Vinyl Siding is the number one selling home siding material in the U.S.
It out sells all other siding materials put together!
Pro's and Con's
What are you interested in:
I want to see some pictures of siding on homes.
Other Wood Like Sidings:
Fiber Cement and Concrete:
Vinyl siding is made to look exactly like real wood. In fact they use molds made from real wood when manufacturing the siding.
Vinyl is only one of the made made sidings however. There are several other sidings available made from concrete, and other man made materials.
This site is designed by some old home improvement contractors. Every day we work with homeowners who what to install vinyl siding on their houses but have no idea how to get started. We will show you how to get started and what to do first, second and so on.
Our goal is to guide you along and show you how to work with your contractor to ensure that you choose the best siding products for your house and get the very best price possible.
Homeowners need to have done some homework and know several things about siding before calling any contractors, or you won't know what questions to ask the contractor. If you don't know exactly what to ask for, you won't get it!
We will show you how to pick the best siding for your house and how to work with your contractor to get the very best price possible.
You need to do several things first before calling contractors for a price quote:
Review the three basic types of siding and chose the ones that you think will go best with your house.
Cedar Vinyl Siding looks just like real cedar wooden shakes.
Never needs painting, will not rot and termites won't eat it.
Cedar Shake Siding
Rugged outdoor look with charm. Vinyl Cedar shake used with stone. Beautiful.
When people talk about 'style' generally they have picked out the type of siding they like (vertical, horizontal, shakes) and are now talking about the profiles, textures, thickness and colors that they like.
Each type of siding has different 'Profiles' that are characteristic to that type of siding. Clapboard, dutch lap, beaded, cedar shake, board and batten all come in different widths.
Profiles are how wide each board or panel is and whether it has a notch or shadow groove. There are wide boards and there are are very narrow boards. Generally each panel will run approximately 3" to 10" in width.
In addition to the profile, there are different 'textures' of the boards or panels. Since vinyl siding is made to look like real wood, and real wood has a texture that ranges from very smooth like sanded boards, to a really deep grain that looks like real cedar wood.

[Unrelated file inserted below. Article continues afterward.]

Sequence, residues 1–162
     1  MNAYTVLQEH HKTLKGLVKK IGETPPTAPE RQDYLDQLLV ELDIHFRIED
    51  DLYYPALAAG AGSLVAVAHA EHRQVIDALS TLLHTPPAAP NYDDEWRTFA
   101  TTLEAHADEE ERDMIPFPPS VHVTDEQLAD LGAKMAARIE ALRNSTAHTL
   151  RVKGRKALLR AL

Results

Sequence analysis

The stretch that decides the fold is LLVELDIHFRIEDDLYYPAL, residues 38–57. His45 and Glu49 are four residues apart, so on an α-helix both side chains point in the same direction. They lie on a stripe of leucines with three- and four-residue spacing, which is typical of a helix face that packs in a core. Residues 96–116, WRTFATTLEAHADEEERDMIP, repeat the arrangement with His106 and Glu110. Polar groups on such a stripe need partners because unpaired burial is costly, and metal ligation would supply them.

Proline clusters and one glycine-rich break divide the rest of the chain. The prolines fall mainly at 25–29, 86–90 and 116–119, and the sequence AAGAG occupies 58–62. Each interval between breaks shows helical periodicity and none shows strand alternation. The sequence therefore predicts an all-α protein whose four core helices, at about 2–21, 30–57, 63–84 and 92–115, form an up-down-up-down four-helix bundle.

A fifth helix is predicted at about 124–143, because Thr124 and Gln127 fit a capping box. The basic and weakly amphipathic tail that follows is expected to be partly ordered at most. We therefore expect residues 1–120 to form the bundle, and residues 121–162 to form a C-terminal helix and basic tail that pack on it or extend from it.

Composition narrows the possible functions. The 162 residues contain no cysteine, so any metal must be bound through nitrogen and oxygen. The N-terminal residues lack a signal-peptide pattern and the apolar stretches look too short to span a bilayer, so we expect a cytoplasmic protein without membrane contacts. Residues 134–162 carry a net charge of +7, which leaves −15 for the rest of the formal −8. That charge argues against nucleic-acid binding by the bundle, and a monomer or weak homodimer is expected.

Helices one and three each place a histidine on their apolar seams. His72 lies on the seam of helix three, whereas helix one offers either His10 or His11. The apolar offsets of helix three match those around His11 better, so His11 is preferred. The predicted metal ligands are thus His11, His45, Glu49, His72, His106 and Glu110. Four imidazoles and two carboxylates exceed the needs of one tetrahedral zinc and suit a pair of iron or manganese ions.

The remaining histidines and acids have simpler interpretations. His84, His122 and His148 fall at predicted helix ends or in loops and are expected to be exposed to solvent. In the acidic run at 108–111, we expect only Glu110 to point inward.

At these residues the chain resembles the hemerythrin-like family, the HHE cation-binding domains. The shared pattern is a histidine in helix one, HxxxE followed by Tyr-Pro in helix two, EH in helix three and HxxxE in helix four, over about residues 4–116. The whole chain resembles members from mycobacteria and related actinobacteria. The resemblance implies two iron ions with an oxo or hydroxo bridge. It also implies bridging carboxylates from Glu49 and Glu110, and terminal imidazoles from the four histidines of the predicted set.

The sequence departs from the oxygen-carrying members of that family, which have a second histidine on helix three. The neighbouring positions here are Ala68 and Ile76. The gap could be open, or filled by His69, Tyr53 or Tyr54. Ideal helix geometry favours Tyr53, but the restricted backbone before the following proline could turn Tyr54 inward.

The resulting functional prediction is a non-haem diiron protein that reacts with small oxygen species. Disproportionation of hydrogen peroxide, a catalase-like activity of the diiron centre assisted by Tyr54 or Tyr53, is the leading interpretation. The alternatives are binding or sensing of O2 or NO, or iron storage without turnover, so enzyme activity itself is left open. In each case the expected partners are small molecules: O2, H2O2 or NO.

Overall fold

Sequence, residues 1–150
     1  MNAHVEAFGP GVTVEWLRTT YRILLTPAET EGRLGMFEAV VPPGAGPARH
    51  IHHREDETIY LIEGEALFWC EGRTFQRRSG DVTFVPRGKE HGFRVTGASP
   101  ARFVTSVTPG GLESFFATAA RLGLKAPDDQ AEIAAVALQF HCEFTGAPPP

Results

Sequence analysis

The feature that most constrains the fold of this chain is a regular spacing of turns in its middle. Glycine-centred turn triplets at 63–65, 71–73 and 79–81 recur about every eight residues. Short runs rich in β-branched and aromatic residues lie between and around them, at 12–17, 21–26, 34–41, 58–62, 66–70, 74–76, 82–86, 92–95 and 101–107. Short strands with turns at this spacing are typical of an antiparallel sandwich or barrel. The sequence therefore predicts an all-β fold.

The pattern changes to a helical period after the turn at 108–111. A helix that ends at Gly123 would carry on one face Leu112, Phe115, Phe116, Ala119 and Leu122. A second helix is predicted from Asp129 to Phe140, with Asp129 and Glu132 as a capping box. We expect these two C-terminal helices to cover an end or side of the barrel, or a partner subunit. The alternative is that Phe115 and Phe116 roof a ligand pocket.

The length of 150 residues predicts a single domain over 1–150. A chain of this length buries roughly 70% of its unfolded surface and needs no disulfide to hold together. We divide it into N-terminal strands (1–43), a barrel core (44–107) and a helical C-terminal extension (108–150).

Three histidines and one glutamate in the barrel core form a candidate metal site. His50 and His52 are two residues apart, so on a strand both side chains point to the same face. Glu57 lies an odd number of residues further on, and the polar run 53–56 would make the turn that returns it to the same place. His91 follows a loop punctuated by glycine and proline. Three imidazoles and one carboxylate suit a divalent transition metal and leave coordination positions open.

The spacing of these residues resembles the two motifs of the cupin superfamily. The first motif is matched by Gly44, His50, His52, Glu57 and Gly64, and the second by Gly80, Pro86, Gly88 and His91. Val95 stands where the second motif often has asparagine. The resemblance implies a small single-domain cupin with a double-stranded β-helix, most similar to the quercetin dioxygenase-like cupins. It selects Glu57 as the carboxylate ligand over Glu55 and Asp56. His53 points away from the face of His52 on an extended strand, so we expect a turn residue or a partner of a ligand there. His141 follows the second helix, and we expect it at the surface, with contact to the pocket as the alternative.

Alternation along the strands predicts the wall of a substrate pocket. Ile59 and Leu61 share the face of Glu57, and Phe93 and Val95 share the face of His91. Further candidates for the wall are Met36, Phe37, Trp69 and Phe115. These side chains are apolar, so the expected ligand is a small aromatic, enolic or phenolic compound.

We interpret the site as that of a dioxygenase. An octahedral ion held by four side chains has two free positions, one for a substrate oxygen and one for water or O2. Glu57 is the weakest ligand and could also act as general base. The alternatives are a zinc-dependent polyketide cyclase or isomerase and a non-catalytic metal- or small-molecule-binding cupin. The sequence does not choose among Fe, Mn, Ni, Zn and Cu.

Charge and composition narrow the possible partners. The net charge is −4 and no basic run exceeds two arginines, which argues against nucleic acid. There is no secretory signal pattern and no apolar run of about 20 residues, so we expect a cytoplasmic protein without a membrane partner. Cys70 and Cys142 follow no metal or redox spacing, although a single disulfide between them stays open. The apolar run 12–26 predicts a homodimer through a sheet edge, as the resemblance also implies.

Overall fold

Shop around and compare prices and what other people are paying for similar siding.
You need to shop around and compare some prices from the local home improvement stores like Home Depot and Lowe's. Otherwise you will have no idea if the price the contractor quotes you is a fair price or not.
How much does it really cost to install new vinyl siding on your house?
Total vinyl siding cost is made up of several different pricing components.
Every house is different so the amount of siding needed will vary house to house and so will the amount of work the contractor has to do to make your house ready for the siding to be installed.
There are many different items that goes into the final 'cost' of your new siding installation.
Click here to see more information on what contractors look at when pricing your job, go to Vinyl Siding Costs. There is more to costs than just the price you pay for the siding.
The most popular and time tested form of siding for a home. Wood is one of the most expensive types of siding for your home. Long considered one of the most beautiful sidings available for homes.
Comes in a wide variety of types such as shake, clapboard, singles and lap. It can be applied both vertically or horizontally.
Pro's: Warm and beautiful. Lasts longer than most other types of sidings. Adds charm to homes that only real wood can offer. Has superior aesthetics. Has natural insulating qualities.
Con's: Expensive, requires regular maintenance such as painting and/or staining (as often as every 3 to 5 years depending on location). Can not be applied over other existing sidings, so a total tear off of existing siding must be done first. Non-moisture resistant species like pine and fir are highly susceptible to rot, and insects. Is not fire resistant.
Concrete fiber board or concrete board also sometimes called Hardie Board or Hardy Board is made mostly of Portland cement, clay and sand with wood fibers. It has become one of the most rugged sidings available with great durability and low maintenance. It is highly weather resistant but needs periodic painting to keep looking new.
Pro's: Accepts repainting easily, very weather resistant, fire resistant, and insect resistant. It is considered to be a masonry product and in some states may qualify for lower insurance costs. Comes in a wide variety of styles, colors and textures.
Con's: Is very heavy and requires specially applicators and application techniques. This adds substantially to the cost (average 50% greater than vinyl). Generally requires a complete tear off of existing siding (add 5% to 10% to job)
For information, please click below.
Aluminum siding comes in a wide range of factory finished colors and styles from smooth to wood grain. Slightly more expensive to install but should last 25+ years with little maintenance.
Pro's: Factory baked on finishes last many years with little or no maintenance. Aluminum siding is insect and fire resistance. Can be touched up with special paint as needed. Easy to clean with soap and water.
Con's: It is prone to denting, sometimes even by hail storms. Easy to scratch, bicycles and balls cause permanent dents and dings. Has no insulating qualities by itself.